Kurt Volker’s departure a blow to Hungarian autocracy

Hungary’s party state has lost a key American ally and an enthusiastic promoter of Hungarian autocracy with the departure of Kurt Volker, President Donald Trump’s special envoy to Ukraine. Mr. Volker is at the centre of the current impeachment turmoil in Washington DC, after telephone call transcripts released by the White House suggest that the American president attempted to pressure Ukrainian President Volodymyr Zelensky into investigating the son of his key Democratic rival, Joe Biden, as a favour for American support to the embattled Eastern European country. Mr. Volker resigned his position on Friday without offering any public comment.

As Hungary’s Népszava daily points out, Mr. Volker has been a key Washington-based promoter of Fidesz, Hungary’s dictatorial ruling party. The former envoy, after working for the CIA, served as a diplomat in Hungary for three years during the nineties and he also mastered the Hungarian language. Although Socialist Prime Minister Gyula Horn was in power for part of his tenure in Budapest, Mr. Volker developed ties with Fidesz — a party that at the time has just finished transforming itself from a liberal alliance of young democrats to a conservative force which formed a coalition government with the Smallholders’ Party in 1998. According to Népszava, the current Orbán government had set its hopes on Mr. Volker becoming the new U.S. ambassador in Budapest, as the party’s leaders maintained close ties to the Washington insider. Mr. Volker’s friendship and professional association with the late John McCain, a critic of President Trump and also of Hungarian ruler Viktor Orbán, reportedly nixed his chances of becoming ambassador.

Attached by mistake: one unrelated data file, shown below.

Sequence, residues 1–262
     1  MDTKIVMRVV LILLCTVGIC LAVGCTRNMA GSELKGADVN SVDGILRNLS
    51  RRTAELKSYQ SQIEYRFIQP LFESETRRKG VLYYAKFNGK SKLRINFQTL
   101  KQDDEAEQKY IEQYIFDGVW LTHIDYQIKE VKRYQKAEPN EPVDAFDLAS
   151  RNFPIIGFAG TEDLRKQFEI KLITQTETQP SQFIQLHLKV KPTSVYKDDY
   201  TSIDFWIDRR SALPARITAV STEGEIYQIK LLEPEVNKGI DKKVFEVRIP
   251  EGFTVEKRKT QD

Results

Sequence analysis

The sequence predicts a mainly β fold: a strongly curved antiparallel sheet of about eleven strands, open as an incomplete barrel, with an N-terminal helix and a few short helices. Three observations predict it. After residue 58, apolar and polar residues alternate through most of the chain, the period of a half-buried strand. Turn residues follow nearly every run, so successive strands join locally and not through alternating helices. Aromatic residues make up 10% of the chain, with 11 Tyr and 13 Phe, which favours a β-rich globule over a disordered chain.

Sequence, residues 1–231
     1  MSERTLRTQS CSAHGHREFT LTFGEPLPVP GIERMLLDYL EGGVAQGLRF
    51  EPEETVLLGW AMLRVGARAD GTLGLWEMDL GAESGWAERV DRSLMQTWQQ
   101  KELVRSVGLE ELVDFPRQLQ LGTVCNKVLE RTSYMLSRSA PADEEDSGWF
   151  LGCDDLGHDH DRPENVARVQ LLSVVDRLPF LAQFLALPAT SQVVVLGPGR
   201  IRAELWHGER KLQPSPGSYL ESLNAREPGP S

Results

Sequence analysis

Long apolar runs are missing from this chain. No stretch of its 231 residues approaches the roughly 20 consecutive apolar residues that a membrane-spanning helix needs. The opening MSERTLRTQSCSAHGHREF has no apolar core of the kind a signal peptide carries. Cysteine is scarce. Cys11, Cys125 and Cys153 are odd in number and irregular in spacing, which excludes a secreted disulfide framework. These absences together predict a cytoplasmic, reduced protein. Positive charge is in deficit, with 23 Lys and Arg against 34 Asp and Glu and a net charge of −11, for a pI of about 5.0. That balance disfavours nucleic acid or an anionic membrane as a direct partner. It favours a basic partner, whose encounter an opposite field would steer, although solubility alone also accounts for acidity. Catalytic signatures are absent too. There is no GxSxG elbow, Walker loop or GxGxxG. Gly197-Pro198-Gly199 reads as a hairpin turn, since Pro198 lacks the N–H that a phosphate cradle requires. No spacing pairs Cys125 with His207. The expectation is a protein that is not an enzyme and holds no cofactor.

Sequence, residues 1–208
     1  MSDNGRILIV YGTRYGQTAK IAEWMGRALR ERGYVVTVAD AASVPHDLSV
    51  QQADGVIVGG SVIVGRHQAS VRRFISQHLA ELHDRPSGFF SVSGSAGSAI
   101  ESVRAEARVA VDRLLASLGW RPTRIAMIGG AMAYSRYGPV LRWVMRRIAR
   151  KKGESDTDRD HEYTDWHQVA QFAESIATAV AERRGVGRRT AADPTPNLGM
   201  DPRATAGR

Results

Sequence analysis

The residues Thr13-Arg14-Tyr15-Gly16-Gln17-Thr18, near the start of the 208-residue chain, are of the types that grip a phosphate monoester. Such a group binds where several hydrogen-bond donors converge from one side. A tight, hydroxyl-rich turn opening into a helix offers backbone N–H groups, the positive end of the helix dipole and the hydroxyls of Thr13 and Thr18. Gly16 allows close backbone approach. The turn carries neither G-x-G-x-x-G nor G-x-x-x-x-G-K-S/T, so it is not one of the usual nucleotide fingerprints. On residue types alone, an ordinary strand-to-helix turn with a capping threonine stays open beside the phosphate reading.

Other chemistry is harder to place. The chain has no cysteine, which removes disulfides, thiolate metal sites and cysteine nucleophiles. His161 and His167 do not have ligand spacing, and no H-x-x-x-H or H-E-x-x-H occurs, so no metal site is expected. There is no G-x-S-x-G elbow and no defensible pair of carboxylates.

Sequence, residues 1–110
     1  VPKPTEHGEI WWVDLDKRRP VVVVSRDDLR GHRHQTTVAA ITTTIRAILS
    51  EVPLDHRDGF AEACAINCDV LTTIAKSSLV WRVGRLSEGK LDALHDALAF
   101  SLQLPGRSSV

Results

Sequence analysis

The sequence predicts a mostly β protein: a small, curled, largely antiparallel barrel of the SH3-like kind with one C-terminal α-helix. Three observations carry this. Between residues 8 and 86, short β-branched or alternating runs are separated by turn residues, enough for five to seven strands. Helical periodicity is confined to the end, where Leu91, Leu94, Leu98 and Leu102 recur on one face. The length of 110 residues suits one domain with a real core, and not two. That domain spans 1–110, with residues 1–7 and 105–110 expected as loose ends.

Kurt Volker in Budapest in 2019. Source: Válasz Online.

Crucially, Mr. Volker is a member of the Board of Trustees of the Hungary Initiatives Foundations, a pro-Fidesz organization based in the United States which promotes the interests of the Orbán regime under the guise of cultural and artistic programming.  On the Board of Trustees, Mr. Volker serves alongside Tamás Fellegi, János Martonyi, Edith Lauer, George Pataki and former U.S. Ambassador to Hungary, April Foley, who is an unwavering supporter of the Hungarian autocrat.

In the past several years, Mr. Volker has visited party officials in Budapest on several occasions — most recently this past April, when he attempted to sway avowedly pro-Russian Hungarian foreign policy on the question of Ukraine’s relationship with NATO. During his most recent visit to the Hungarian capital, Mr. Volker was interviewed by the conservative Válasz Online — the remnant of the defunct Heti Válasz, which fell out of favour with Fidesz last year for engaging in journalism. Válasz Online’s Szabolcs Vörös decided not to ask Mr. Volker a single question on matters pertaining to Hungary, but focused exclusively on Ukraine instead. In this interview, Mr. Volker pointed to Hungary and Poland under their current respective governments as examples of democracy. He said: “Ukraine is important from a variety of prospectives (sic). First is the people. People deserve to have a secure society, their own country, their own territorial integrity, they deserve to build a democracy in a prosperous economy, just like everybody else whether it is the United States, Hungary or Poland…”

In October, Mr. Volker will be testifying to a Congressional committee as part of impeachment investigations. Observers of Hungarian politics would do well to follow the proceedings.

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